The first "G" Day was such a hit that it was decided to have another the following year.  In 1942, there was less talk about a dance and more about football as the "Gigantic G-Day Game" was billed as a "clash" between All-American Frank Sinkwich, playing for the Reds, and the Whites' sophomore Charley Trippi, who had yet to play a down in a varsity game.

At halftime, another Georgia speedster was featured on the gridiron as a greased pig was released at midfield.  University freshmen attempted to catch the porker and the winning frosh was thrown a barbeque later that year.

In an annual game that often lacks allure, I say bring back some of the old G-Day traditions.  I don't believe a dance would be as widely accepted as before; however, watching freshmen and a greased pig run around at halftime might just do the trick.

April 6, 2011

Bend But Don't Break

I was recently reading an early preseason preview on the Bulldogs for the upcoming season and indicated  is how the defense might have gotten a "bad rap" the last three years.  Mentioned is that during the 2008-2010 seasons, Georgia allowed less than 327 yards and 18 first downs per game, and asked is how can "improvement be expected" from a defensive unit that has been evidently solid to begin with.

Personally, I think total yardage gained/allowed might be the most overrated statistic in all of football.  And, first downs?!?  They should hardly be acknowledged.  The 1980 national champion Bulldogs, for example, actually allowed more first downs than they earned (199 to 207).

A defense can allow a heap of yardage, but as we all are aware, what counts is the number of points given up.  This "bend but don't break" mentality was never more evident at Georgia than during defensive coordinator Erk Russell's time and the first few years of his successor, Bill Lewis.

During this era, it was quite commonplace for an offense to seemingly drive up and down the field on the Dogs for an entire game; however, once the opponent threatened to score, it was often turned away with nothing by a stiffening Bulldog defense - something that has been hardly evident by Georgia defenses in recent years.  

A prime example was against Ole Miss in 1982.  The Rebels kept the ball for a staggering 90 plays, gaining 524 yards and 29 first downs.  Nevertheless, Ole Miss' impressive offensive output produced an end result of just 10 points in a 23-point loss.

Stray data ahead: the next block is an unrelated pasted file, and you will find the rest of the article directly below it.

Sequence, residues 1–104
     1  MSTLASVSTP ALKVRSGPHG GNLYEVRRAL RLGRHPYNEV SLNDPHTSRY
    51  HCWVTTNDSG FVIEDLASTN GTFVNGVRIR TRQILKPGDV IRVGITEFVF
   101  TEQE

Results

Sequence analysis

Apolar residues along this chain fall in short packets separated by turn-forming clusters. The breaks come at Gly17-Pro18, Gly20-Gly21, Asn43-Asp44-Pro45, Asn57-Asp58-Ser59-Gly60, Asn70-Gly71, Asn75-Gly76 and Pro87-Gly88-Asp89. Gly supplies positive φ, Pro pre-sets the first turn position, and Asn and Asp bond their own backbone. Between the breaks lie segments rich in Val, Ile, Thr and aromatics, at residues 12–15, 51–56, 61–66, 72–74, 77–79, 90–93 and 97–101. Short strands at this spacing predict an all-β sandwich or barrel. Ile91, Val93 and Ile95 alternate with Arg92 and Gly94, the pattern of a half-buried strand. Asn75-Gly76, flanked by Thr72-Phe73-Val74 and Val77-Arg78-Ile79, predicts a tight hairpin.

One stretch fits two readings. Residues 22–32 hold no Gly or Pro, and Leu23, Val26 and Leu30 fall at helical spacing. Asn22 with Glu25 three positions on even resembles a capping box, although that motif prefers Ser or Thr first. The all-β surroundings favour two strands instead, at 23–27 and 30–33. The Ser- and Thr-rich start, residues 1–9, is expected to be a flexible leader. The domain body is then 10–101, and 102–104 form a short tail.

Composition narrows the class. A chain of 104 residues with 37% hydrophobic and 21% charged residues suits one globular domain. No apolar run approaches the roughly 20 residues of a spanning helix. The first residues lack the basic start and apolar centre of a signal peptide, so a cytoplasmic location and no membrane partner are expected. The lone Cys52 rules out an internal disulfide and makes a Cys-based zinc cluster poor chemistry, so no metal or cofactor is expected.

Here's video of Georgia's '82 win over the Rebels made possible by big defensive stops and creating turnovers (added is a couple of record-setting feats by two of the greatest Bulldogs of all time):

I think it's interesting to point out that Georgia's SEC championship team from nearly 30 years ago - a squad that finished its regular season with a perfect 11-0 record - actually allowed more yards per game (328.6) than the Bulldogs did the last three seasons.  However, whereas Georgia yielded just 12 points per contest in '82, the Dogs surrendered TWICE as many (24.2) from 2008-2010. 

The difference between then and the last three seasons has been Georgia's inability to, simply put, "stiffen" - to Hold 'em Dawgs, Hold 'em - to make stops on critical plays and/or force turnovers.

The Bulldogs' well-documented turnover-forcing woes certainly improved last season (1.1 gained per game in 2008-2009, 2.0 gained in 2010).  However, with this increase of forced turnovers came the defense's failure, like hardly ever before in Georgia football, to stop reputable offenses on critical plays, namely, on third- and fourth-down conversions.

Instead of total yards allowed per game, what should be viewed is something I've discussed ad nauseam since starting this blog two years ago: defensive yards per point (YPP) allowed, or how hard a defense makes opposing offenses "work" to score points - a defense's "efficiency."

Not only were the Bulldogs' defensive YPPs of 12.7 in 2008 and 13.1 in 2009 (the higher, the better) the next to worst and worst in the SEC, respectively, they ranked the next to worst and third-worst in the history of UGA football (since 1946).

There was some improvement in 2010: in allowing a little over 328 yards and 22 points per game, Georgia's defensive YPP of 14.9 was 8th in the SEC; however, that ratio still ranks among the 10 lowest in the last 65 seasons of Bulldog football. 

Gone are the days when it was difficult to score on the Dawgs.  Instead, for the past three seasons, we've seemingly handed over points without much of a fight, and in the process, have been handed an unthinkable 15 combined losses. 

It's not practical to hope for Georgia's return to a day when it gained 4+ turnovers per game; that just doesn't happen in today's college football.  However, with a season under Todd Grantham's defense's belt, there should be some sort of improvement.  As was the case with the forced turnovers increasing a year ago, so should Georgia's stops on big plays in 2011. 

One should expect less breaking by the defense this upcoming season; whether it bends or not really doesn't matter.

If this is accomplished, Georgia can make a run at a divisional title instead of consecutive losing seasons.  Anything else, as an astute Buck Belue informs us at the end of the video clip, would be "all academic."